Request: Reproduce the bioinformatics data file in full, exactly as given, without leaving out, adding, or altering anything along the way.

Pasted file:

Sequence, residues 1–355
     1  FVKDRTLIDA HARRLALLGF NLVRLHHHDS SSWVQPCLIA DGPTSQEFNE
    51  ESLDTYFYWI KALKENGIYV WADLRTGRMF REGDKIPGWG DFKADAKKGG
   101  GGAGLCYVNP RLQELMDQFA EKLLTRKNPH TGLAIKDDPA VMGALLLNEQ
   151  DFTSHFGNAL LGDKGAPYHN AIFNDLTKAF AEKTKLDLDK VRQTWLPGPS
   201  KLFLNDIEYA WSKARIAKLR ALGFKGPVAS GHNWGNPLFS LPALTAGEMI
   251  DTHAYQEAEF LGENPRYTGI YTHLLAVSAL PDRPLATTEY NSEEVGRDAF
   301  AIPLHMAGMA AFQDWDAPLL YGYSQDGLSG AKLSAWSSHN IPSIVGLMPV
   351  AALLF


Sequence, residues 1–355
     1  FVKDRTLIDA HARRLALLGF NLVRLHHHDS SSWVQPCLIA DGPTSQEFNE
    51  ESLDTYFYWI KALKENGIYV WADLRTGRMF REGDKIPGWG DFKADAKKGG
   101  GGAGLCYVNP RLQELMDQFA EKLLTRKNPH TGLAIKDDPA VMGALLLNEQ
   151  DFTSHFGNAL LGDKGAPYHN AIFNDLTKAF AEKTKLDLDK VRQTWLPGPS
   201  KLFLNDIEYA WSKARIAKLR ALGFKGPVAS GHNWGNPLFS LPALTAGEMI
   251  DTHAYQEAEF LGENPRYTGI YTHLLAVSAL PDRPLATTEY NSEEVGRDAF
   301  AIPLHMAGMA AFQDWDAPLL YGYSQDGLSG AKLSAWSSHN IPSIVGLMPV
   351  AALLF